Azamara Quest: In Japanese waters

By Arnie Weissman

Travel Weekly Editor in Chief Arnie Weissmann is sailing onboard the Azamara Quest from Hong Kong to Osaka, Japan, and reporting back. His latest report, from Nagasaki, follows:  

15:58 pm, local time: Azamara Quest is calling in Nagasaki, Japan, and Cruise Director Russ Grieve is in his cabin watching CNN. He sees a report that an 8.9 magnitude earthquake has occurred off the northeast coast of Japan, and that a tsunami warning has been issued. He immediately phones hotel director Philip Herbert and reports what he heard. Herbert immediately call Captain Carl Smith, who is in his office.

16:00: Smith calls Miami and wakes up his Royal Caribbean Cruises Ltd. “DPA” — Designated Person Ashore — using his personal quad-band cell phone. (Azamara is owned by RCCL.) Japanese law forbids satellite Internet links or telephone communication from ships within its territorial waters, which Smith realizes is going to complicate communications significantly. He cannot use the Internet to gather information firsthand.

He first tells the DPA that the ship is safe, no one is injured and the Quest is not in imminent danger. However, he says, the ship is in Nagasaki, in the southwest of Japan, and there’s been an earthquake and a tsunami off the northeast coast of the country. He reported that, although onboard navigation systems (channels which remain open regardless of local regulations) were operational, he had no other means to get information and that web tools were unavailable.

16:05: Smith tells the ship’s safety officer and third in command of the ship, Christos Dekatris, that he will not be getting off in Nagasaki to begin his leave as planned. He asks him to instead sit in the captain’s office and watch CNN and report developments. As it turns out, Tokyo airport is closed, and Dekatris would not have been able to leave Nagasaki that evening in any case.

16:05: The DPA begins waking up RCCL’s emergency response team, which includes shoreside managers in Miami, London and Asia as well as deployment officers, public relations personnel and marine and hotel operations senior management. The DPA asks them to be fully prepared for a conference call with the ship at 16:45.

16:10: The captain asks Japanese authorities for permission to turn on his satellite communications system. The request is denied, but he is given permission to turn them on nine miles from the port rather than waiting until he’s in international waters.
16:45: Smith provides the emergency response team with information about the ship’s precise geographic location. Others on the call report about tsunami forecasts that are available online. The team focuses on the question of whether to sail or remain alongshore in Nagasaki. Remaining in port, where the water is relatively shallow, is rejected in favor of getting into deeper water quickly.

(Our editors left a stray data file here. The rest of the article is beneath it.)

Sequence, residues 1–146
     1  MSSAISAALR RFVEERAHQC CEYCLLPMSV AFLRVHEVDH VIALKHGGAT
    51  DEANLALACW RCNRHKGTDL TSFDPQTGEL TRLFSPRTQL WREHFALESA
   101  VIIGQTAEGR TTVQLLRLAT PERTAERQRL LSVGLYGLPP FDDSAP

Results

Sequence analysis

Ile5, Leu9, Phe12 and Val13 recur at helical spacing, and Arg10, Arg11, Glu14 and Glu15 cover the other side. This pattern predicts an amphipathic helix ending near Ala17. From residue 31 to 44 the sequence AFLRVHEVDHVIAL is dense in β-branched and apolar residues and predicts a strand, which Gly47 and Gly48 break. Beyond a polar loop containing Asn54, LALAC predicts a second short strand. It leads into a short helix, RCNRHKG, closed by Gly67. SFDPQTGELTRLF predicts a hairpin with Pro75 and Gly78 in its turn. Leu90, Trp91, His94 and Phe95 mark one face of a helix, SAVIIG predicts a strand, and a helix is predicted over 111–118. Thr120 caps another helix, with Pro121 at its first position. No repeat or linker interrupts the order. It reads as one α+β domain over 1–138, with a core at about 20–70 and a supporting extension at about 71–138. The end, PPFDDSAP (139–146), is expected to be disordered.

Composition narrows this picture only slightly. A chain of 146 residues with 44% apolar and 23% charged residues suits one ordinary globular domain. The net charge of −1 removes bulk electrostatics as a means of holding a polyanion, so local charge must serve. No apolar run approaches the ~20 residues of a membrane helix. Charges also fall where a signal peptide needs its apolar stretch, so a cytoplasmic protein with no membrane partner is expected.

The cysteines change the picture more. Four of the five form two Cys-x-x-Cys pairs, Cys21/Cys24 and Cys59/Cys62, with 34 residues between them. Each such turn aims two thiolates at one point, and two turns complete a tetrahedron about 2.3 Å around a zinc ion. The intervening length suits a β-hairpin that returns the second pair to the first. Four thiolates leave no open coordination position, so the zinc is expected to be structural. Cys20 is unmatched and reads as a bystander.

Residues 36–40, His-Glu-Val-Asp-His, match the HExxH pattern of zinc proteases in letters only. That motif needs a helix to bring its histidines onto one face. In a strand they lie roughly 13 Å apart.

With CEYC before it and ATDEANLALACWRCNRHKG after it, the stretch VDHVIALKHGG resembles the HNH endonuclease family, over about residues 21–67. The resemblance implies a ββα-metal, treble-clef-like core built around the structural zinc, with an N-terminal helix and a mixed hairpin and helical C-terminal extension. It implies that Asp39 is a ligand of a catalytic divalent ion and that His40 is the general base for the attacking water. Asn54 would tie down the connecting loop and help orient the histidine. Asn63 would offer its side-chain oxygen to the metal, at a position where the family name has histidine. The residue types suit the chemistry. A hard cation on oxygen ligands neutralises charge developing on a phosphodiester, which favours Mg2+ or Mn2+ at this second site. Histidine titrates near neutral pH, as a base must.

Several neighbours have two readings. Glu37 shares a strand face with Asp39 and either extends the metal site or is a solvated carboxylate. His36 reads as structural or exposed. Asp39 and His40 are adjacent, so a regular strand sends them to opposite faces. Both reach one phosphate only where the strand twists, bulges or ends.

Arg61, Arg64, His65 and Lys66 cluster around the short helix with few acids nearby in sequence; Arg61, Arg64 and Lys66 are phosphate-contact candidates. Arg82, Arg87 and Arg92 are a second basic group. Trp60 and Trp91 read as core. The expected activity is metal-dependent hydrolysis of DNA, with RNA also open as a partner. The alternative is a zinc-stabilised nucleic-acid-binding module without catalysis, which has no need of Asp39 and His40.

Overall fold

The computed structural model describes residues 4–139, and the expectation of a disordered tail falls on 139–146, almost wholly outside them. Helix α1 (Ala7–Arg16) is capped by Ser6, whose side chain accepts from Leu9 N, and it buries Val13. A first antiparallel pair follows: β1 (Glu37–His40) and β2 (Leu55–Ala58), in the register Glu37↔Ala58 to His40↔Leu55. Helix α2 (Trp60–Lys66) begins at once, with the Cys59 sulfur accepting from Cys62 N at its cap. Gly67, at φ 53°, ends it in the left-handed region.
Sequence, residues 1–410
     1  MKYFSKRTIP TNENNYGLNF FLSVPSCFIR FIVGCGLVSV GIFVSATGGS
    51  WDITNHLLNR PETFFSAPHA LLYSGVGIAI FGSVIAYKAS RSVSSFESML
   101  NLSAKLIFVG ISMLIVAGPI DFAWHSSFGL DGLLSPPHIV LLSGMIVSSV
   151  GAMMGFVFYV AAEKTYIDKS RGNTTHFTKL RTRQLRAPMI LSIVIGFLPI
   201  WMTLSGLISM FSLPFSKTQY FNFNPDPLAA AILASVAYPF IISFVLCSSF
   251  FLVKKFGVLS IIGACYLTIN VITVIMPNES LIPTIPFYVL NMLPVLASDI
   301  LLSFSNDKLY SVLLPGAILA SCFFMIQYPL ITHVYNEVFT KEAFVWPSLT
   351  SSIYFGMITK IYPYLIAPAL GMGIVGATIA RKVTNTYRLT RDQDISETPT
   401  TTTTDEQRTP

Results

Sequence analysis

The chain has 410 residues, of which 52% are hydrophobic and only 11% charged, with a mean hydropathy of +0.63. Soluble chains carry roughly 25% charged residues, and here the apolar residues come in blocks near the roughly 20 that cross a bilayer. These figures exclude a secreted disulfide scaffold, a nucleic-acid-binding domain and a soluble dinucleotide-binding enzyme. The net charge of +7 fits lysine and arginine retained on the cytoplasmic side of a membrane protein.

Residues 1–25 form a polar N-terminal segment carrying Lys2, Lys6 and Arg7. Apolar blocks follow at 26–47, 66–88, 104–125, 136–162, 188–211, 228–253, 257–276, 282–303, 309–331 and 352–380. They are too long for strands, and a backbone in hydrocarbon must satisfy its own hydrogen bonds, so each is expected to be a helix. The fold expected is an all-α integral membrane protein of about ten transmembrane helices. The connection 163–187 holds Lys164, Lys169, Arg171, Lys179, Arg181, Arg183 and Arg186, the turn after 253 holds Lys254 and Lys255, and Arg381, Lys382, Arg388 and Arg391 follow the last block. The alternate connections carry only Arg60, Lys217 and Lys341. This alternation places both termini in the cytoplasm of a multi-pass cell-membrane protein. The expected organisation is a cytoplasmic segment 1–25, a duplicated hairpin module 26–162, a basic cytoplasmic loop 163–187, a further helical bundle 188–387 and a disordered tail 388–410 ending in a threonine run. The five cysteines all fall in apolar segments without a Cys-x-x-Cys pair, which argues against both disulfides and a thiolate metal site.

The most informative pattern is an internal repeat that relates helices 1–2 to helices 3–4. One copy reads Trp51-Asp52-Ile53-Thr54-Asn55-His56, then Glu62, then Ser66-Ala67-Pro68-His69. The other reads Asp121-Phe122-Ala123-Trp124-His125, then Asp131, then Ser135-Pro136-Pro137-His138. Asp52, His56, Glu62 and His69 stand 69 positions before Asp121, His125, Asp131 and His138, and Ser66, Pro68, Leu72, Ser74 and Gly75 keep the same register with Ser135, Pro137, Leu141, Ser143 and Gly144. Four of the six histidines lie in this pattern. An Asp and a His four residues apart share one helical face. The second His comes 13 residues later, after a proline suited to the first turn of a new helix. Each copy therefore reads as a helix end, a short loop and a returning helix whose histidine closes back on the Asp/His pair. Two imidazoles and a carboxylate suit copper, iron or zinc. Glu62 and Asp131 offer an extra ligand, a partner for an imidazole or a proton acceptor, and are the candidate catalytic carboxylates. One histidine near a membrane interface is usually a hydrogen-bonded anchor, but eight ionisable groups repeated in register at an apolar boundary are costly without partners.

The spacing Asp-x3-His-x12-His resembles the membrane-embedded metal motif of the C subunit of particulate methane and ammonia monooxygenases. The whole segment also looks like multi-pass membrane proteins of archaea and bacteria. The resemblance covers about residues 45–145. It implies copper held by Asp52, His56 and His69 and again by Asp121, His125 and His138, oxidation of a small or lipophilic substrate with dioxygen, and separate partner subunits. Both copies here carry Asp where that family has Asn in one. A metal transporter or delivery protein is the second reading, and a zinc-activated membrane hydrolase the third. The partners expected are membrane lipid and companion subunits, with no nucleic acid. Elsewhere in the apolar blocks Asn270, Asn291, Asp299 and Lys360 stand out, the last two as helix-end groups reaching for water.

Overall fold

The team also discusses whether the ship should plan to continue to its next port of call, Osaka, which it would reach in 38 hours. Among the concerns are whether that city had been affected by the quake and whether it would be appropriate to call at a port in a country which may be in mourning.

It is decided they do not have enough information, and they defer a decision. They will review the question in another call later in the evening. The public relations team says it will prepare communications to get the word out, through various Internet outlets, that the Quest is safe, including Facebook and Twitter, and to alert travel agents so that friends and family of passengers will be reassured.

17:42: The last passenger who went ashore in Nagasaki returns to the ship.

17:45: Smith gets on the public address system. He asks for everyone’s attention, and explains that a strong earthquake has struck in northeast Japan and that a 10-meter tsunami is anticipated. He reassures the passengers that they are in one of the safest, sheltered bays on the other side of the country, but that he would like to get to deep water quickly. He reports that he understands that passengers are concerned that their loved ones might be worried about them, and explains the communications plan to get the word out that they are okay.

“Our thoughts go out to our loved ones who are worried about us and those who have suffered loss of family members in the region,” he says before signing off.

17:49: Smith gets on the public address system again and asks all crew with cabins on Deck 3 that have portholes to return to their cabins and make sure that their deadlights are secured (deadlights are solid steel hinged covers which completely cover portholes). He explains that this is simply a precaution and that he does not anticipate that there will be any problems.

He further asks that all crew in the bar and food areas to make sure that their items are secure. Again, he explains that this is simply a precaution, but that it’s better to have everything done before any need might arise.

17:54: The ship’s engines are started and the Quest begins to pull away from the pier, six minutes ahead of scheduled sailing. In the interest of time, the captain has opted not to have a local pilot on the bridge to assist in navigation out of Nagasaki. (Pilots are not required in this port.)

18:28: The ship is in deep water. The captain phones his wife to tell her he and the ship are safe.

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